For starters, youth unemployment in the region is currently at 20%; nearly 40% of all Peel seniors are living in poverty; and the income gap between Peel males and females 15 years of age and older continues to persist. Additionally, despite the growing number of Aboriginal peoples in Peel (the 2011 Census reported 12,585 individuals with Aboriginal ancestry) (Statistics Canada), the community continues to experience much higher levels of poverty, poor health and substance abuse than Non-Aboriginal residents (Centre for Social Justice). Compounded to all of this is persistent ethnic, racial and religious discrimination. For instance, recent studies have pointed out that newcomers in the Peel Region experience much lower social mobility “comparable to their human capital investment” (Reitz, 2010). While 44% of recent immigrants aged 15 years and older in the Region have a university education, 33% live in poverty. Social exclusion on the basis of ethnicity, race, religion and citizenship status is thus at an all-time high in Peel (Galabuzi and Teelucksingh, 2010).
Diversity & Inclusion Charter of Peel: A Game-Changer
It is this complex context that has given rise to the Diversity and Inclusion Charter of Peel – and it is this context that makes the Charter beneficial to the creation of an equitable, socially just and sustainable region that is unified in its vision for the future.
Social change may be a slow process, but once communities are able to speak out freely against injustice, and once organizations are able to live equity through their practices, it will happen.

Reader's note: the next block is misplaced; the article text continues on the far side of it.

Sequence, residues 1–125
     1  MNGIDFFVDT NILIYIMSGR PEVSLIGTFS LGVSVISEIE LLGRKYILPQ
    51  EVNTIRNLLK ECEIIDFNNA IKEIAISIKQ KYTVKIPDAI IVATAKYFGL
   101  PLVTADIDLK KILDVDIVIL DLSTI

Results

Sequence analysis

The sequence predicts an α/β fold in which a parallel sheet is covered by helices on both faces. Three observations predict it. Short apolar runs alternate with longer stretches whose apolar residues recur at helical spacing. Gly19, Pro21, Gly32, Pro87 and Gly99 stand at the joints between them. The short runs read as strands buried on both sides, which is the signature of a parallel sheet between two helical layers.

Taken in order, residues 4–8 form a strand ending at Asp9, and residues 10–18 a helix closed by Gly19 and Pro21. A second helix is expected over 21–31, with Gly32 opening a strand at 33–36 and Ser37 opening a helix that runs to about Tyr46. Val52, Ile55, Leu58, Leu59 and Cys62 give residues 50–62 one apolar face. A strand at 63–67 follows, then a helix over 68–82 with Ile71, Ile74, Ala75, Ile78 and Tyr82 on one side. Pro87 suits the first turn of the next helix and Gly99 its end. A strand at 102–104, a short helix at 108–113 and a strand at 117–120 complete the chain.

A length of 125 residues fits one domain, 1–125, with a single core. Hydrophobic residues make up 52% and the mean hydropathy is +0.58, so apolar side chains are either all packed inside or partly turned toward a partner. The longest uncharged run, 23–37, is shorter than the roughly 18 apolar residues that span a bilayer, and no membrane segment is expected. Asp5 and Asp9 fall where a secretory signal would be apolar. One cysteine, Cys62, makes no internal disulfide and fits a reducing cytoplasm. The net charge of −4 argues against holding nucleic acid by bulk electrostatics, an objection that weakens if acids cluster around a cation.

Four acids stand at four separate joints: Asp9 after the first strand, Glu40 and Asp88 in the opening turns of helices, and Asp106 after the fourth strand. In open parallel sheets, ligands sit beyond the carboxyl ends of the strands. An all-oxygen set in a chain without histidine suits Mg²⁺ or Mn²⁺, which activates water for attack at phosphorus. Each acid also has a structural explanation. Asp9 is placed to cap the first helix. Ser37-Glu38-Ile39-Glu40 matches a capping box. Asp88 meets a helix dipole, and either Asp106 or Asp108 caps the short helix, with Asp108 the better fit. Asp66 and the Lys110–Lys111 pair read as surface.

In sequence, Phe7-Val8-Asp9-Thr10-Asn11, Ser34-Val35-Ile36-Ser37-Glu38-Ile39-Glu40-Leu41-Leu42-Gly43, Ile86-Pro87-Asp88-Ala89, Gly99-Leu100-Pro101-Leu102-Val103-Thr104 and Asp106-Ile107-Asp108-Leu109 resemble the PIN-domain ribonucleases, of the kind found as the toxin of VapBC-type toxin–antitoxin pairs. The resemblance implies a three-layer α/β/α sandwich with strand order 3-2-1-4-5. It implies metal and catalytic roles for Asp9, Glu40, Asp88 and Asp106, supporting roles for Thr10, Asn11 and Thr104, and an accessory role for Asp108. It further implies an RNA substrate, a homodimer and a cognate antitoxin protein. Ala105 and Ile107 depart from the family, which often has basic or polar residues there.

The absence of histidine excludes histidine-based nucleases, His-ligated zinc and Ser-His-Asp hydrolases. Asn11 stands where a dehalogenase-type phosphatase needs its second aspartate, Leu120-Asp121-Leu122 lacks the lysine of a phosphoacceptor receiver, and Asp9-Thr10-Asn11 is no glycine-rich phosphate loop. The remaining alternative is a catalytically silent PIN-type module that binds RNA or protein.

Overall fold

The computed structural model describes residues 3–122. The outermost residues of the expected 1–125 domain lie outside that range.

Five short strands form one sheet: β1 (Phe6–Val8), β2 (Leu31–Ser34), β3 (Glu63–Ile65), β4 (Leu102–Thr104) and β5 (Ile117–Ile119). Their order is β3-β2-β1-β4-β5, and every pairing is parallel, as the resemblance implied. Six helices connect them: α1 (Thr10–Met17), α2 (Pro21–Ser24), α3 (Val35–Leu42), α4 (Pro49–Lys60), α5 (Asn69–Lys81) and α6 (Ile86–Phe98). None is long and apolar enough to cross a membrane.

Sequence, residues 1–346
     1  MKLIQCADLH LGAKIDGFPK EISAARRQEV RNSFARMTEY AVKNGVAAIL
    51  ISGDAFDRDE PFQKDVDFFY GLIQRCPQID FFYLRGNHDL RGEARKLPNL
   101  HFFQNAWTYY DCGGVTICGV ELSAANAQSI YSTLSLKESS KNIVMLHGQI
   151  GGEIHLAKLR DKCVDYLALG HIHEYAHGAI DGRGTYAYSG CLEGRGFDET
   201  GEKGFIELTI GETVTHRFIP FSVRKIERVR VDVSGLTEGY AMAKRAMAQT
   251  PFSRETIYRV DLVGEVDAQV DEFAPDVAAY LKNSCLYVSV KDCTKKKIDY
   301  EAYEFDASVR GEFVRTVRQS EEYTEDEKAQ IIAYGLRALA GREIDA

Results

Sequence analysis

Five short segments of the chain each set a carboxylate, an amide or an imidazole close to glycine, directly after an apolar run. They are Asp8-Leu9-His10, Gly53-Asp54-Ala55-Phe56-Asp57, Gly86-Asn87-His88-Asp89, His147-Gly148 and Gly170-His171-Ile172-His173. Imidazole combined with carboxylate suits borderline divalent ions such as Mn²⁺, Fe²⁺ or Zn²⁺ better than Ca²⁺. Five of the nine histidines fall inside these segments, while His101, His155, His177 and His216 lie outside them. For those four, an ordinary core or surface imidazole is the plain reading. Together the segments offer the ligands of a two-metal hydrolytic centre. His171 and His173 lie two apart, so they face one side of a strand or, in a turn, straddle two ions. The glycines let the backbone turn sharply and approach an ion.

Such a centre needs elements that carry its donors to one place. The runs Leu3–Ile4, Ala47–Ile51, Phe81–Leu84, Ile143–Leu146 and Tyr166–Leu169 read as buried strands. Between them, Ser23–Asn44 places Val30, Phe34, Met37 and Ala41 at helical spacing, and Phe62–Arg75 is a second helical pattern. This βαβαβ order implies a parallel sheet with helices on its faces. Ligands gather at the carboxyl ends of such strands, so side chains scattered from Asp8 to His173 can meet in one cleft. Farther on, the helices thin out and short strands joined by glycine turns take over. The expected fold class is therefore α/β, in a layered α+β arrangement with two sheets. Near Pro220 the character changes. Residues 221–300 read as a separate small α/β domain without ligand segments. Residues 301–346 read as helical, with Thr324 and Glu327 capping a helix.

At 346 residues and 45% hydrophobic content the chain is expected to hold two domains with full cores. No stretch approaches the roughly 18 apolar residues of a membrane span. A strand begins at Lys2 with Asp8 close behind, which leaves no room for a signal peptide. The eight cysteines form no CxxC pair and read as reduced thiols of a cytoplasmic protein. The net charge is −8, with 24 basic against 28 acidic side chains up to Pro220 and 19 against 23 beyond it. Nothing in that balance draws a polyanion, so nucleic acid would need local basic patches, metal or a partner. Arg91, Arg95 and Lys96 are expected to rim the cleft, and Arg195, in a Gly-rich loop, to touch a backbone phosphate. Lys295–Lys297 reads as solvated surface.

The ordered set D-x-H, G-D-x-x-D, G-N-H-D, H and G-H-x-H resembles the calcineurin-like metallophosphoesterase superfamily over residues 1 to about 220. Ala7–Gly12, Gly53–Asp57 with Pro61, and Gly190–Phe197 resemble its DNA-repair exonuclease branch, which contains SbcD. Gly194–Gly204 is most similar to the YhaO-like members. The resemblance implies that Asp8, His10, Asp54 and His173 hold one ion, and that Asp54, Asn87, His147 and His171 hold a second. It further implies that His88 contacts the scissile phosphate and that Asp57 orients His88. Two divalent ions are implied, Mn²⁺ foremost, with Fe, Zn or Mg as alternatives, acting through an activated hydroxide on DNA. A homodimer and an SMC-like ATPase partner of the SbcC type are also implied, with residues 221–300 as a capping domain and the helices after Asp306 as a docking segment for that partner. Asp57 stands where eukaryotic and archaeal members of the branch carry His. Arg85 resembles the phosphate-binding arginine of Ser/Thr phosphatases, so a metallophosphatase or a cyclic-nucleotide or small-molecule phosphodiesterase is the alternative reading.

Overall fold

Developed by RDR in collaboration with the Peel Newcomer Strategy Group beginning in 2011; and officially launched in Mississauga on April 18, 2013, the Charter is described as a living document that complements – at a grassroots level – national and provincial legislation, including, among others, the Canadian Charter of Rights and Freedoms, the Canadian Multiculturalism Act, the Ontario Human Rights Code, and the Accessibility of Ontarians with Disabilities Act. Developed in part as a continued reflection of the Racism in Peel Series developed by the United Way of Peel Region in partnership with The Mississauga News and the Brampton Guardian; and in response to cases such as the Anti-Immigrant Flyers that have surfaced twice in 2014, the Charter is, in effect, the Peel’s very own ‘Community Code’. If successfully implemented, it will allow individuals and organizations across the Region – regardless of their stage in the journey towards diversity, equity and inclusion – to take greater advantage of Peel’s diversity and change while conscientiously acting to make sure that everyone feels included and has an equal opportunity to succeed.
While there have been a handful of such Charters spanning the U.K. and Europe (including France, Italy, Sweden, Luxembourg and Austria, among others – see www.diversity-charter.com), the Diversity and Inclusion Charter of Peel is the first municipal-level initiative of its kind in Canada. As such, it is certainly something that has the potential to inspire, unify and transform other communities Canada-wide, particularly those that are currently experiencing increases in immigration in addition to other demographic, socioeconomic and cultural shifts. Social change may be a slow process, but once communities are able to speak out freely against injustice, and once organizations are able to live equity through their practices, it will happen. The Diversity and Inclusion Charter of Peel is a small step towards creating a more responsible and self-reflexive society.
Amrita Kumar-Ratta has a Master’s in Global Affairs from the Munk School at the University of Toronto. She also holds a BA (Hon.) in International Development Studies and World Religions from McGill University. She is passionate about issues of transnational migration, religio-cultural diversity and gender equity. She can be reached at email@example.com.